Bill Murray's humor is one of my guilty pleasures and Groundhog Day (1993) is a high watermark. He’s a hoot as the surly, self-consumed weatherman Phil Connors. Given the chemistry between Murray and Andie McDowell (Rita), Groundhog Day wins on its merits as a romantic comedy. But under the hood, there's a lot more going on here.
Of course, I like the "Phils.” In addition to the Groundhog Punxsutawney Phil, there’s Phil Connors who works in Phil-adelphia. Groundhog Day hits multi-Phil status; since the name means "lover," irony hints that a good story is about to unfold.
Weatherman Connors is required to cover the Groundhog Day celebration in sleepy little Punxsutawney, PA. He views the annual event as trite news and beneath his dignity.
A fantasy angle emerges early: Due to unseen (and unexplained) forces in the movie, Murray begins to relive February 2nd repeatedly - maybe forever. No other character in the film experiences the mysterious "deja-vu;” it’s his personal purgatory!
Connors begins experimenting with the rules that govern this strange, repeating warp in time. He learns the primary rule first: Nothing matters. When the 6:00 a.m. alarm clock begins to play "I Got You, Babe," Connor's actions in the previous day seem to carry no consequences. A bit of dialogue from the movie says it best, as he tries to explain his plight to Ralph, a local ne'er-do-well.
Phil: What would you do if you were stuck in one place and every day was exactly the same, and nothing that you did mattered?
Ralph: That about sums it up for me.
By the end of the story, Phil Connors will have lived out - and out-lived - his every possible reaction to this fate. He will have exploited the people of Punxsutawney, manipulated them, stolen from them and kidnapped the groundhog. He’ll have committed suicide in multiple creative ways. He'll have fallen in love with Rita, and tried a hundred ways (always failing) to win her heart.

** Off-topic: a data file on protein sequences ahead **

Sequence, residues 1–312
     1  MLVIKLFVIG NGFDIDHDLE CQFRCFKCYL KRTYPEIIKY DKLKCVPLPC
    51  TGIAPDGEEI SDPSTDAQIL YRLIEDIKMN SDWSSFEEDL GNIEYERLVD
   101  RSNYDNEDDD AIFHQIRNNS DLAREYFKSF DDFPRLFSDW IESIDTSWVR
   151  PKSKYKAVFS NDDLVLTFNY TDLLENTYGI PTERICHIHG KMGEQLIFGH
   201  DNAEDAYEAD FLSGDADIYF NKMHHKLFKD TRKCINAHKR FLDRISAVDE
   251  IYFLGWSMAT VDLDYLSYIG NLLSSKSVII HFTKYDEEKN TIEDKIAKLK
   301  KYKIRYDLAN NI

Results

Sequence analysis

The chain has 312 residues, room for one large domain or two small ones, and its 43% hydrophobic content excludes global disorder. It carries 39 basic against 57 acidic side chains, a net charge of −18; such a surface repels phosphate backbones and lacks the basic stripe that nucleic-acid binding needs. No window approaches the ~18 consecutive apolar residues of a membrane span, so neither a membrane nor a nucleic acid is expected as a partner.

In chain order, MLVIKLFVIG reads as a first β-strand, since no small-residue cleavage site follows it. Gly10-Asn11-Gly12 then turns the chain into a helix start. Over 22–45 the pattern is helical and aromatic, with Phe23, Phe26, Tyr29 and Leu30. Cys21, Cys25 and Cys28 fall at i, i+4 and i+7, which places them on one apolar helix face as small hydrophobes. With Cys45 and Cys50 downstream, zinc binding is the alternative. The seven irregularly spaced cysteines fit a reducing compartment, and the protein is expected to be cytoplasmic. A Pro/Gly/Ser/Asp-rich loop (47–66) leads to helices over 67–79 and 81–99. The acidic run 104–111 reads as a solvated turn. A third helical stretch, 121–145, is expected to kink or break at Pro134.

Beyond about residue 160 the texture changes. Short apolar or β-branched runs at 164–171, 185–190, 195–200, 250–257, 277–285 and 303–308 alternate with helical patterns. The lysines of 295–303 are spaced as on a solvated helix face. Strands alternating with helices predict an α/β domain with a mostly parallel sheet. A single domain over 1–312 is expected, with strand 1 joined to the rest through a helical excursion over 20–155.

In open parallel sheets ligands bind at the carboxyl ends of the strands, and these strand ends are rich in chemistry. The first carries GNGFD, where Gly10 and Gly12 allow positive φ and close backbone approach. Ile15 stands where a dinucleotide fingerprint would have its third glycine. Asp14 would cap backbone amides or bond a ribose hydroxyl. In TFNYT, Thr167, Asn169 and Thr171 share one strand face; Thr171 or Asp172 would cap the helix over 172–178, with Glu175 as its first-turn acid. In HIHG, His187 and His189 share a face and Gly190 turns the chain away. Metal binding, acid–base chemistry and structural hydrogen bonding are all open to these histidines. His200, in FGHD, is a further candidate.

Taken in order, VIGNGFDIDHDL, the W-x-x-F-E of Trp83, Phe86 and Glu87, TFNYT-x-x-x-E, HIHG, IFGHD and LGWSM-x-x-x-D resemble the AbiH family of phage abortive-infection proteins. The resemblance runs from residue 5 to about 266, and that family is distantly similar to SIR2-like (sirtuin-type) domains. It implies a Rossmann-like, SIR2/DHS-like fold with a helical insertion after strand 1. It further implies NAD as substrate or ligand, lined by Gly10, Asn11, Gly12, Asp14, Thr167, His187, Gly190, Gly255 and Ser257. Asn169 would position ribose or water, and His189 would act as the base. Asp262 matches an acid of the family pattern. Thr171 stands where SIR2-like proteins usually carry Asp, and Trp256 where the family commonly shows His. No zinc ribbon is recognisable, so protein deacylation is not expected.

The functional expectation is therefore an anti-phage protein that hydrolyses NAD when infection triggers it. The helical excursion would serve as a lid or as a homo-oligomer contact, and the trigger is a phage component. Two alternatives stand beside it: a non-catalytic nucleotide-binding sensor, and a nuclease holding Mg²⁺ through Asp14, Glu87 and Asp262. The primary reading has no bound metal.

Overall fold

Ultimately, he'll have weathered all five stages of Kubler-Rosses' grieving process: denial, anger, bargaining, depression and…wait for it…acceptance.
It's at the final stage - acceptance - that Connors begins to wonder how he might use this "time" in Punxsutawney to develop himself and serve others. Suffice it to say that when Murray's character comes to life, the results are beautiful. Groundhog Day is the B side of It's a Wonderful Life, and cinema worth watching.
Of the ideas packed into this odd little movie, the essence is in Phil and Ralph's dialogue.
On some level, we’ve all felt:
1) “Stuck" in one place
2) Each day seems the same and
3) Nothing we do appears to matter.
Phil's experience is not unique; we're all born captives in Groundhog Day. Some are tempted to exploit others, live dishonestly, or seek pleasure above all. Some make gods of our dreams or talents. Some experience anger or depression, while others simply grind it out one day at a time.
A few, however - like our weatherman - encounter a life-changing truth. It’s when Connors experiences a flash of new life that he finds hope and direction. That flash doesn’t just alter his behavior - it transforms his identity. If you watch the movie again this month, you might discover an unscripted deja-vu; for me, it’s a pop-culture doorway to Jesus’ teaching that we “must be born again.”
That all said, if connecting the ridiculous with the sublime is a stretch too far this February, it’s okay. But I’ll bet we both agree it’s a terrific flick.